Illustration by Bloomberg View
Illustration by Bloomberg View

The only Web company that is also a verb has run into the language barrier. How do you say “Google privacy policy” in French? (It’s “regles de confidentialite Google.” Thanks, Google Translate.)

Google Inc.’s new privacy policy, which took effect March 1, is in general a praiseworthy effort. But it has won only faint applause, especially in Europe. This may have less to do with Google specifically than with privacy generally, and with the differing European and American definitions of the term. At its base this is a philosophical dispute, which is oddly encouraging: All everyone has to do is figure out the least disruptive way to disagree and move on.

And disagree they do. The French National Commission for Computing and Civil Liberties, acting on behalf of a group of European Union officials, sent Google a letter Feb. 27 saying the new rules may violate European law. Thirty-six attorneys general in the U.S. also sent a letter to Google Chief Executive Officer Larry Page. Meanwhile, Google has found little support from privacy groups like the U.S.-based Electronic Privacy Information Center, which sued in federal court to get the Federal Trade Commission to stop the change.

You’d think Google had announced it would start collecting terabytes of data about you, your neighbor and your dog, if he’s ever online. You’d be wrong: Google already does that. Google is not collecting any new information; rather, it is sharing (with itself) more of the information it already has. As of March 1, Google says, it is combining “information you’ve provided from one service with information from other services. In short, we’ll treat you as a single user across all our products.” The change reduces more than 60 of the company’s privacy policies, spread over as many products, to just one. At about 2,500 words, it is admirably clear and concise.

So what’s not to like? Well, that French letter complains that officials weren’t given enough time to study Google’s new policy and that “trained privacy professionals” -- undoubtedly in Brussels -- find it confusing. They want more information. That’s easy enough for Google to provide, and it plans to do so.

But there are other concepts, such as the “right to be forgotten,” which are embedded in the European idea of privacy but may prove problematic to honor online. You may have the right to take down that photo of your drunken self from your Facebook wall, but should the law force Facebook to remove it from your friend’s wall? Can it force Google to stop including it in search results? Google has to comply with local laws in all jurisdictions in which it operates. This, however, is an issue that transcends borders.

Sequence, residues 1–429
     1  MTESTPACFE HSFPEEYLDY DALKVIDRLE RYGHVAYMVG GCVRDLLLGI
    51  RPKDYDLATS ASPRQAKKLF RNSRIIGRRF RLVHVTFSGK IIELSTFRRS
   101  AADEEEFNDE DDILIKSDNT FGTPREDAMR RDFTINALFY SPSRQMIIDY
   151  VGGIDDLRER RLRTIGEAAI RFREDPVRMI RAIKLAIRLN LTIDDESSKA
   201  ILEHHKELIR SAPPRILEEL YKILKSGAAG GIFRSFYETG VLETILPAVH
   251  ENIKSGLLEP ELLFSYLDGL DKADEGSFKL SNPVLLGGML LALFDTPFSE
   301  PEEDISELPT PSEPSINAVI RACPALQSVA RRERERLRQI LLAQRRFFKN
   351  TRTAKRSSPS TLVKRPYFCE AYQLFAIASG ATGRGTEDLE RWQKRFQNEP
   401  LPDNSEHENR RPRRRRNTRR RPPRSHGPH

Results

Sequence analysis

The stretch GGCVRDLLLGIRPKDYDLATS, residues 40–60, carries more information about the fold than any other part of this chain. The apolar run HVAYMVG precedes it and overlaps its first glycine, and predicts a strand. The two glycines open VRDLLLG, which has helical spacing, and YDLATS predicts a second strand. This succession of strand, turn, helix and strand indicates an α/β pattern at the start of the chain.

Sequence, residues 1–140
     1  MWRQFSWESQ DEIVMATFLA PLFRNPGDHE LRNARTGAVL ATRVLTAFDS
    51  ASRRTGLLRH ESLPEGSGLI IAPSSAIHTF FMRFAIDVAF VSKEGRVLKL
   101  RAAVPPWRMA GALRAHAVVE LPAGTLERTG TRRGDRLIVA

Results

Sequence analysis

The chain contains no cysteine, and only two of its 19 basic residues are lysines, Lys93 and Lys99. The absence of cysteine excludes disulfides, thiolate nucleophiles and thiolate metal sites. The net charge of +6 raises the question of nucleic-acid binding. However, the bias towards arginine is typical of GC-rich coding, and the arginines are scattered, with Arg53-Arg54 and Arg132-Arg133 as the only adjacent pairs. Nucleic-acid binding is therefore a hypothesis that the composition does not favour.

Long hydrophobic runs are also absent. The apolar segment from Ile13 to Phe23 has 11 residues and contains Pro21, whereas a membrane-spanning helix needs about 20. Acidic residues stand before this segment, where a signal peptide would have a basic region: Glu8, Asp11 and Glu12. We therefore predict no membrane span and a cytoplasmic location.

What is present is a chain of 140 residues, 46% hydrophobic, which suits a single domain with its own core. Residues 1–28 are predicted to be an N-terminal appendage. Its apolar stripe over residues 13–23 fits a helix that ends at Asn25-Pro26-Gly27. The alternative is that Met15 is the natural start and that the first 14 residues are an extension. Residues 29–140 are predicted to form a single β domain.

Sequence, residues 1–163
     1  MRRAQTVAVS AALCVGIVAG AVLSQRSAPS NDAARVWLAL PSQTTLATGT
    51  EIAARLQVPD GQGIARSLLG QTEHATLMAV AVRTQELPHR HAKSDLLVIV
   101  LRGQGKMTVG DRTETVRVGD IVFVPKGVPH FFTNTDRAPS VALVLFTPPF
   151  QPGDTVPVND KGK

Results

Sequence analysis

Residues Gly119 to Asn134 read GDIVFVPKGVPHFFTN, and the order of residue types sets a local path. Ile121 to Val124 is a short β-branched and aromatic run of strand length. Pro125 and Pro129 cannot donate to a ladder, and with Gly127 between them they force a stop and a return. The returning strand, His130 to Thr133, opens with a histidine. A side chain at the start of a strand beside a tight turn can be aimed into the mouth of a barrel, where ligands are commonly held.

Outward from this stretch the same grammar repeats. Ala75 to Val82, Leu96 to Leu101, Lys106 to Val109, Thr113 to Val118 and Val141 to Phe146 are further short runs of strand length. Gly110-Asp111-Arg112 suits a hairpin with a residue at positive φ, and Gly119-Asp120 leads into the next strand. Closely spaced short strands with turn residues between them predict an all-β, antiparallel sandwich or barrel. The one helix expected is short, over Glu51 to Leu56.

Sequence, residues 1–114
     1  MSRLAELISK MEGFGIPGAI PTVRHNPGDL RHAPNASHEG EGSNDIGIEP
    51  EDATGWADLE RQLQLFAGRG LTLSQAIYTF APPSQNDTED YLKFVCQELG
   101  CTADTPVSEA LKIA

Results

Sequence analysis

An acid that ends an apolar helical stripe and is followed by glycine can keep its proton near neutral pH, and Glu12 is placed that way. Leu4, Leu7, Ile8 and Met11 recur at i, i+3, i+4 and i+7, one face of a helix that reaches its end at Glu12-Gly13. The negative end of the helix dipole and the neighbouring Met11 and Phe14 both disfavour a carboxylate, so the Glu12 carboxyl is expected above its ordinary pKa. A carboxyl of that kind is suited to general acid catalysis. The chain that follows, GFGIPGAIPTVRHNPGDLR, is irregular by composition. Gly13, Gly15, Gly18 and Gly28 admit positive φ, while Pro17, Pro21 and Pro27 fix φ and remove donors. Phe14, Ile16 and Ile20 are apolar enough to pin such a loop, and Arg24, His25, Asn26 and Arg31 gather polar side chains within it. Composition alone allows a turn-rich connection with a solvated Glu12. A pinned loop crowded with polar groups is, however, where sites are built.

The American objections to Google’s privacy policy tend to be more legalistic. EPIC, the privacy-rights group, says the new policy violates the consent decree Google signed with the Federal Trade Commission in October, which among other things requires Google to obtain “express affirmative consent” from users for many changes to its policy. The attorneys general carry a brief for the millions of Americans who “bought an Android-powered phone in reliance on Google’s existing privacy policy.” And here we thought all they cared about was the Twitter app.

All of which is not to say that these changes, by Google and to our notion of privacy, aren’t real. Google provides a vast array of products and services, from the aforementioned Android OS to YouTube to blogging platforms to e-mail. When you’re messaging your spouse about dinner from your mobile phone and you see an ad for that takeout Chinese place you searched for a month before, you may find it convenient or creepy (or maybe a little of both). Either way, it is the future.

This is the predicate assumption of the Obama administration’s 62-page “Framework for Protecting Privacy,” issued last week, which includes a seven-point Consumer Privacy Bill of Rights and other good ideas, like a “Do Not Track” button that users could click on if they don’t want anyone following them online. Others have proposed things like privacy insurance that would compensate individuals for any harm caused by a breach.

These ideas are appealing precisely because none of the details have been quite worked out. Once Congress and the private sector start filling them in, there’ll be plenty of debate.

When companies like Google change their policies, it is imperative that they both notify users and allow them the option of not participating. On the first point it’s hard to fault Google, which has just spent a month littering the Internet with notifications. On the second, Google sounds a little like the apocryphal Henry Ford selling the Model T: You can use Google any way you want, so long as you use it the way we say.

One thing Google could be clearer about is how long it keeps your data even after you’ve asked it to stop tracking you. It does allow you to modify some privacy settings, and to create multiple accounts with different settings. But it’s not simple.

That, perhaps, is the central truth that Google’s policy exposes: As much as corporations and websites can do to protect users’ privacy -- and they can do a lot -- the burden will increasingly fall on users. Google deserves some credit for trying, and mostly succeeding, to make it easier to understand what’s at stake.

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